Myrtle Beach and Murrells Inlet
Myrtle Beach: The Grand Strand
Standing at the center of the Grand Strand, Myrtle Beach (pop. 33,908) is one of the largest and most popular beach resorts in the country, attracting some 14 million visitors every year. It’s a huge place, with mile after mile of motels, Walmarts, and fast-food franchises lining all the main roads. Long famous for its golf courses (and for having the world’s biggest collection of miniature golf courses), in recent years Myrtle Beach has matched roller coasters and beachfront fun for shopping and merchandising. In the 1950s, Myrtle Beach was the birthplace of “The Shag,” a sexually charged slow jitterbug that is now the official South Carolina state dance.
Where to Eat and Stay in Myrtle Beach
If you don’t mind keeping your tongue wedged firmly in your cheek, the Myrtle Beach area can be fun, and it’s definitely a mecca for fans of ersatz “themed” restaurants: Hard Rock Café, Johnny Rockets, and Margaritaville all vie for attention in the massive Broadway-at-the-Beach complex on Celebrity Circle, northeast of US-501. Owned by the same company that tore down the Pavilion, this is the biggest attraction in Myrtle Beach, but despite the name, Broadway-at-the-Beach is more than a mile (1.6 km) from the ocean.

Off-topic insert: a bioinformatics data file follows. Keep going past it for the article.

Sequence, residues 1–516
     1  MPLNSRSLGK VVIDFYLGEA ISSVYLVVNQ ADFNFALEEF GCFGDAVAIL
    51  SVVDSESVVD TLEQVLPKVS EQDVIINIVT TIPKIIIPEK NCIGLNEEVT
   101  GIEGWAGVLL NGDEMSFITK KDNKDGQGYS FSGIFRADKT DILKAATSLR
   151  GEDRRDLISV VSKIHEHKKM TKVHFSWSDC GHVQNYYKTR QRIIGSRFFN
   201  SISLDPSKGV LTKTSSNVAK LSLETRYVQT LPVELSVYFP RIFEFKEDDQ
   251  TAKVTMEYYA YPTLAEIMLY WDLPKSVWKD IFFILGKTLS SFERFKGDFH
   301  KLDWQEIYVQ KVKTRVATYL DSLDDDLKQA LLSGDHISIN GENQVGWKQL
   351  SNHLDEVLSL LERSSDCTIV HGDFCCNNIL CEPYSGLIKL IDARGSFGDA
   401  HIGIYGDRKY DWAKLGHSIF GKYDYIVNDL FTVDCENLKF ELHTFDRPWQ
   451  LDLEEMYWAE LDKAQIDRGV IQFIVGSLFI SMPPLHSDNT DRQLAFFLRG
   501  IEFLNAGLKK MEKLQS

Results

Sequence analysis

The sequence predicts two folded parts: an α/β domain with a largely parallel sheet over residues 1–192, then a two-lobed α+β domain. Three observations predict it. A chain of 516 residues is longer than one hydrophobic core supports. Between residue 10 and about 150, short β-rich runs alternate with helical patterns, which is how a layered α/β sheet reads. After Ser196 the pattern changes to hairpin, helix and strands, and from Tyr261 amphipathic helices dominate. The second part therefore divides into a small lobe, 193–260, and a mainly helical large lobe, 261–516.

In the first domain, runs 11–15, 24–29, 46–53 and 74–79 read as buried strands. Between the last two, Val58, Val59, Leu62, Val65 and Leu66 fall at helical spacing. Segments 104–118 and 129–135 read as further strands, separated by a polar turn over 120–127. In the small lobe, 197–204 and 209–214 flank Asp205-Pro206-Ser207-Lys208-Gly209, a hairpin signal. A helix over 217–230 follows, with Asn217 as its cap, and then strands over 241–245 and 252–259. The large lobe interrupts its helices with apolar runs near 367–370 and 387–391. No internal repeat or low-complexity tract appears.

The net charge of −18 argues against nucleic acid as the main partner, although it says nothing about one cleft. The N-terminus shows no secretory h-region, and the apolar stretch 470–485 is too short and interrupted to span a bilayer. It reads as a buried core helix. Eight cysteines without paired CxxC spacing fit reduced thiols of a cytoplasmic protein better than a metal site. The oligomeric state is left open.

If you want a more genuine taste of South Carolina, some of the best places to eat are in Murrells Inlet. That said, one nice old-time Myrtle Beach restaurant is the Sea Captain’s House (3002 N. Ocean Blvd., 843/448-8082), which has survived the developers’ blitz and is still serving three delicious meals a day, just as it has since 1954. The seafood is great, and just about every table has an ocean view.
There may be more picturesque places elsewhere in the state, but the as-yet-unspoiled fishing village of Murrells Inlet, 13 mi (20.1 km) south of Myrtle Beach, is definitely worth a stop for the chance to sample the dozens of excellent seafood restaurants lining a short business loop off US-17. For the best and freshest seafood and great key lime pie, head to the neon-signed Lee’s Inlet Kitchen (4460 US-17, 843/651-2881). And if you’ve got the time and inclination to catch your own seafood, you can charter a sportfishing boat from the marina, or put on some waders and head into the waters in search of clams, mussels, oysters, and crabs.